• Artificial sweetener: Several festive treats include the artificial sweetener, xylitol, which is extremely toxic to dogs. Even small amounts can cause symptoms such as hypoglycemia (low blood sugar), vomiting and liver failure. Common xylitol-containing foods can include pudding cups, ice cream, fat-free greek yoghurt and a common dog favourite, peanut butter. My dogs love peanut butter, but I make sure to only treat them with dog-friendly peanut butter, to avoid xylitol!

Four dogs sit around a Christmas banquet, wearing festive bandanas

Have yourself a bloody mary Christmas: the beverages

Social festivities tend to come hand in hand with drinking, whether alcoholic or not. It can be easy to leave drinks unattended during Christmas gatherings. Extra care should be taken to avoid dogs gaining access to festive drinks, which could cause them harm.

  • Alcohol: It goes without saying that alcohol is toxic to dogs, but do you know which signs to look for in your dog which could indicate alcohol poisoning? Ethanol toxicosis can produce symptoms such as vomiting, weakness, seizures, depression and lethargy. Most dogs will start to show symptoms within an hour of ingesting alcohol. It is therefore crucial that they are taken to a vet if you suspect they have lapped up a few mouthfuls of your Christmas cocktail!

  • Caffeinated drinks: We know how exhausting the festive period can be! Sometimes all we want to do is sit back with a hot tea or coffee and relax. Be careful not to leave your hot drink unattended if your dog is around. Caffeine is toxic to dogs, and can cause vomiting, diarrhoea, tremors, excessive thirst and urination. It would take approximately four teaspoons of instant coffee to be fatal for a 2-3kg dog or puppy, but it’s best to keep caffeinated drinks out of reach of all dogs.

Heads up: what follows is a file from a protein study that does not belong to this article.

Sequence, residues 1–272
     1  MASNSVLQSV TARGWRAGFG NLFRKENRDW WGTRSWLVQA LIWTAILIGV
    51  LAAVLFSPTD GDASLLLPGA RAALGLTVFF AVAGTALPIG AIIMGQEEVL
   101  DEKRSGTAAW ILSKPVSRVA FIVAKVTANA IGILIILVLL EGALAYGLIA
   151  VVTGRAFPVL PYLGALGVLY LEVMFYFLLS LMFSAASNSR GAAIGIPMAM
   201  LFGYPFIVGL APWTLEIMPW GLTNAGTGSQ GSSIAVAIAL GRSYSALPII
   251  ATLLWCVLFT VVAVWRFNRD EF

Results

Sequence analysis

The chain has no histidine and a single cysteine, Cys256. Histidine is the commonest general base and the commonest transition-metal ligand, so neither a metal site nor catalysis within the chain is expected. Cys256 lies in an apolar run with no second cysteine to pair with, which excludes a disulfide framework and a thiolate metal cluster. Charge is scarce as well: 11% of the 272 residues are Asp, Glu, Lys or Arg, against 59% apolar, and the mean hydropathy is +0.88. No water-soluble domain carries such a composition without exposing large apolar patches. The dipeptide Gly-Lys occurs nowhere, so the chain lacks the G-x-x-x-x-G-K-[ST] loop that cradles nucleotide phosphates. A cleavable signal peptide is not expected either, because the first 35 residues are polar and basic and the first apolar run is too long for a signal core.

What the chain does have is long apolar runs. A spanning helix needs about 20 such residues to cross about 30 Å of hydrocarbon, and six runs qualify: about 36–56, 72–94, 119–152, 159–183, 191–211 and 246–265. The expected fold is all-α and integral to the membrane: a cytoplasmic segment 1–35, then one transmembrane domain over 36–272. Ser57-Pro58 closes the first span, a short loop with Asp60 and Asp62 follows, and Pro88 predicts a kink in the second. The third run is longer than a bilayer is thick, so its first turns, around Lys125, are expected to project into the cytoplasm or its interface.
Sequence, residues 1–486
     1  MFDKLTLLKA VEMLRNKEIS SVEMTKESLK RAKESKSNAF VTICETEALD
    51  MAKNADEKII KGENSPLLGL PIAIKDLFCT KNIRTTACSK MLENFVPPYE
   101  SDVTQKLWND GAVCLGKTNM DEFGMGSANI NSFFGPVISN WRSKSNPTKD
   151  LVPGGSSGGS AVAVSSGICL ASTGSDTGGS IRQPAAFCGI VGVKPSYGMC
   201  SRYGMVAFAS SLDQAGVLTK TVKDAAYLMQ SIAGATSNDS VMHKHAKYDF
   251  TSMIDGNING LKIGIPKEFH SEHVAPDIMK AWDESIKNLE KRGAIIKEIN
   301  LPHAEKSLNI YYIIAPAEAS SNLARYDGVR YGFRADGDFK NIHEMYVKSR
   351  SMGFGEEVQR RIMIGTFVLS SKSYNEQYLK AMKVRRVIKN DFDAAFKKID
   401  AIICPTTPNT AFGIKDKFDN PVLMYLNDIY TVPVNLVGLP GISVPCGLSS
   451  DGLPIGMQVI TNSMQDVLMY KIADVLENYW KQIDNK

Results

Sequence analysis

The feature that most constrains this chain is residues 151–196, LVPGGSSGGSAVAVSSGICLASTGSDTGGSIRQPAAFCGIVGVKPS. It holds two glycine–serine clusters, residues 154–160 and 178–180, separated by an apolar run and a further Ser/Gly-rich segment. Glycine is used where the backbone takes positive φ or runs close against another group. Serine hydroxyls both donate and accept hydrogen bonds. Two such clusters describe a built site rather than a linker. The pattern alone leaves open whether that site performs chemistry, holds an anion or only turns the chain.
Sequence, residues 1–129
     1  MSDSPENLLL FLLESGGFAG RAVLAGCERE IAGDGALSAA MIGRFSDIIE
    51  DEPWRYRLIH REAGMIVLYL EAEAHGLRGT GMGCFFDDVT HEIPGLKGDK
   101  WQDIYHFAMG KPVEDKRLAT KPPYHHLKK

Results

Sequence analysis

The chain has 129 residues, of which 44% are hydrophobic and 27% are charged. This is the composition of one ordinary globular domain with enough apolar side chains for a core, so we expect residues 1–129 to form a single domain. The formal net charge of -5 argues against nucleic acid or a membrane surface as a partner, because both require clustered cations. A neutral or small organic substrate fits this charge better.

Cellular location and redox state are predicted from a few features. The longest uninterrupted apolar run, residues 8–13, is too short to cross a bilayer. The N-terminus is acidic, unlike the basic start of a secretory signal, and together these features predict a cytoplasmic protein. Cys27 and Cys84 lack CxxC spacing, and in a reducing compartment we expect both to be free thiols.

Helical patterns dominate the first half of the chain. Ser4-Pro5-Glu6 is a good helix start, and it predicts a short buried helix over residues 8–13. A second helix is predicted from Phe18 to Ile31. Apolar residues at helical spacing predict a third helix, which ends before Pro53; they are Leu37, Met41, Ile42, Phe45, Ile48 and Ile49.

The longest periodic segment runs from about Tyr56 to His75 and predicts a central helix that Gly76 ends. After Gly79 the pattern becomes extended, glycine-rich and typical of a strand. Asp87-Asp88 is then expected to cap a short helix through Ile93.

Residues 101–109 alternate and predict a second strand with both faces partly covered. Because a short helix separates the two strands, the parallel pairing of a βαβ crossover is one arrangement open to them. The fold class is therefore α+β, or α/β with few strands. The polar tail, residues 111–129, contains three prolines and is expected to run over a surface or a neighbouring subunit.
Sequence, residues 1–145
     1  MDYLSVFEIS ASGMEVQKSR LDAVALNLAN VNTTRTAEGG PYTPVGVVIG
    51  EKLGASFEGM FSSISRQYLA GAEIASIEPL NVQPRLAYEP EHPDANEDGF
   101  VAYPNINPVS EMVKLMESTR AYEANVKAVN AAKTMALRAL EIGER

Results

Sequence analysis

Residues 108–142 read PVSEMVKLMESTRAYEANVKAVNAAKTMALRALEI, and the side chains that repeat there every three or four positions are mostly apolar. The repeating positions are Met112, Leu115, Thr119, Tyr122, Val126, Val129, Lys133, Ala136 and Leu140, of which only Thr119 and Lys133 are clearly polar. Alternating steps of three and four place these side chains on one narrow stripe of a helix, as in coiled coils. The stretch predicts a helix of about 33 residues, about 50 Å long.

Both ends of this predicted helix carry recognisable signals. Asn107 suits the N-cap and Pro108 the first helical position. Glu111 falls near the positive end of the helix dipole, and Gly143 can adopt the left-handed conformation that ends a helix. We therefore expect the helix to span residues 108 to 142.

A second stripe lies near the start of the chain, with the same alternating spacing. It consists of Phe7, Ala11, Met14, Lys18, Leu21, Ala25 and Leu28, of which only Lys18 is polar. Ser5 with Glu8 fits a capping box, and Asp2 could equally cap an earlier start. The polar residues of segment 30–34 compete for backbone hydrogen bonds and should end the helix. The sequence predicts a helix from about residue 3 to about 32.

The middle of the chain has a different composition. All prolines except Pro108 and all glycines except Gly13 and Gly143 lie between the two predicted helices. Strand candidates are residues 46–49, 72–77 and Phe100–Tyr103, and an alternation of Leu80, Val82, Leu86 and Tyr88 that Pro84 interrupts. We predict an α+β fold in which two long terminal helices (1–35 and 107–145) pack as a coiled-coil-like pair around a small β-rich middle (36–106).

James Middleton crouches in a Christmas Tree farm with his six dogs

The final sleigh

Hopefully this blog has been helpful in listing some of the common foods that your dog should avoid this Christmas. It’s important to note that for many of these foods, smaller breeds and puppies are at a higher risk due to their weight and size. Whereas larger dogs are able to metabolise toxins in larger volumes.

That said, the severity of the side effects depends on the toxin consumed, the size of your dog, and how much has been consumed. In the event of your dog ingesting anything toxic, contact your vet immediately.

If you feel like treating your dog this Christmas, my new Limited Edition turkey treats are the perfect healthy snack this season. With added cranberry for extra festive flavour and antioxidants!

I wish you and your dogs a very Merry Christmas and a happy new year!

James & Ella x


James' Top Tip

Don’t forget it’s not just foods that can pose a risk to your dog this Christmas! Make sure other dangerous festive items such as fairy lights are secured and out of harm’s way. Keep any poisonous seasonal plants up high, and ensure chewable plastic decorations are out of reach from wandering paws!